I learned this several years ago. It's only been in the last few that I started using it regularly. It's simple. When writing, save the best for last. Put the most powerful word, your punch word, at the end of your sentence. When a powerful word is followed by a period (mental pause) it creates a spotlight of sorts. It gives the same word a more dramatic effect because it lingers in the readers mind.
This works best not only at the end of a sentence but also at the end of a paragraph, scene break or chapter break. I use them sparingly but always where needed. When I first learned this I applied it while culling my second draft. Now, it's unconscious habit.
A word of caution: Don't over do it. If every other sentence is arranged with a face punch at the end, your reader might grow weary. Don't beat your reader. Keep your reader. Place punches where they will matter the most for the story. I would venture to say that every chapter should end with a word punch. It increases the chances of a reader continuing on or stopping to do the dishes.
Here's an example of how I use this from one of my unedited WIP's. It might not have as intense an effect because you haven't been reading the build up. You should be able to see the difference in how it might affect a reader. (FYI, the daughter they are talking about is a heroin addict.)
Power word at the end:
Dr. Porter opened his mouth to say something then closed it quickly.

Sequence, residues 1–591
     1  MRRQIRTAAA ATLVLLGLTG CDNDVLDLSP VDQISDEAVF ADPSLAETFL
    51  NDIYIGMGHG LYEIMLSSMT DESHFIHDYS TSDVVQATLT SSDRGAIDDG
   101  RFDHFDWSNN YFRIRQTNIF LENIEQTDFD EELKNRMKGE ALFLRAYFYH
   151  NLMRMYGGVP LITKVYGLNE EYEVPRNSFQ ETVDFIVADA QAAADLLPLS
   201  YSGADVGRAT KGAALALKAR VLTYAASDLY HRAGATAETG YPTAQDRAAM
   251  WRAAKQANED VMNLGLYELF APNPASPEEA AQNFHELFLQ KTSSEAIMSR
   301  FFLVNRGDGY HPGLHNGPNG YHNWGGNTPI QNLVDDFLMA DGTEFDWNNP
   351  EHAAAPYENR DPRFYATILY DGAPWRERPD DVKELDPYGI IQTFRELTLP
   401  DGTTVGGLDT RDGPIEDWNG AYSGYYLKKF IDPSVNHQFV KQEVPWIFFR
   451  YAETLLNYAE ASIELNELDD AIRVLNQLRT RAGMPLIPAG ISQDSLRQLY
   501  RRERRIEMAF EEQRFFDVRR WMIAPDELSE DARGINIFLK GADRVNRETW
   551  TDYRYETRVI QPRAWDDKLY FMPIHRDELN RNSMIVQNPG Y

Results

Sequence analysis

“What? What were you going to say?”
“I wanted to say…” He paused, debate apparent on his face. “It’s unfair to both of you. But I wanted to tell you, urge you, to do everything in your power to see that treatment is successful and she changes her life.”
“Why is it unfair to ask us that?” Phillip asked.
“Because you have no control over the outcome.”
Stephene felt the weight of that truth on her shoulders. “It’s true,” she said quietly. “We can arrange for her to be admitted, we can send notes and cards and tell her we love her on the phone. But we can’t ensure that she’ll change.”
After a moment, Phillip looked up. “So are you urging us to help or warning us that we can’t?”
The doctor leveled his eyes. “Both.”
The alternative is:
"Both." The doctor leveled his eyes.
See the difference a simple rearrangement makes? The first punches with the reality of the situation, the second leaves the reader wondering what color the doctor's eyes were because I didn't mention that. I don't want them thinking about the doctor's eyes. I want them thinking about the hopeless situation this couple is faced with. It's like magic and you can start doing it today. I'd love to hear how this works for you in your writing.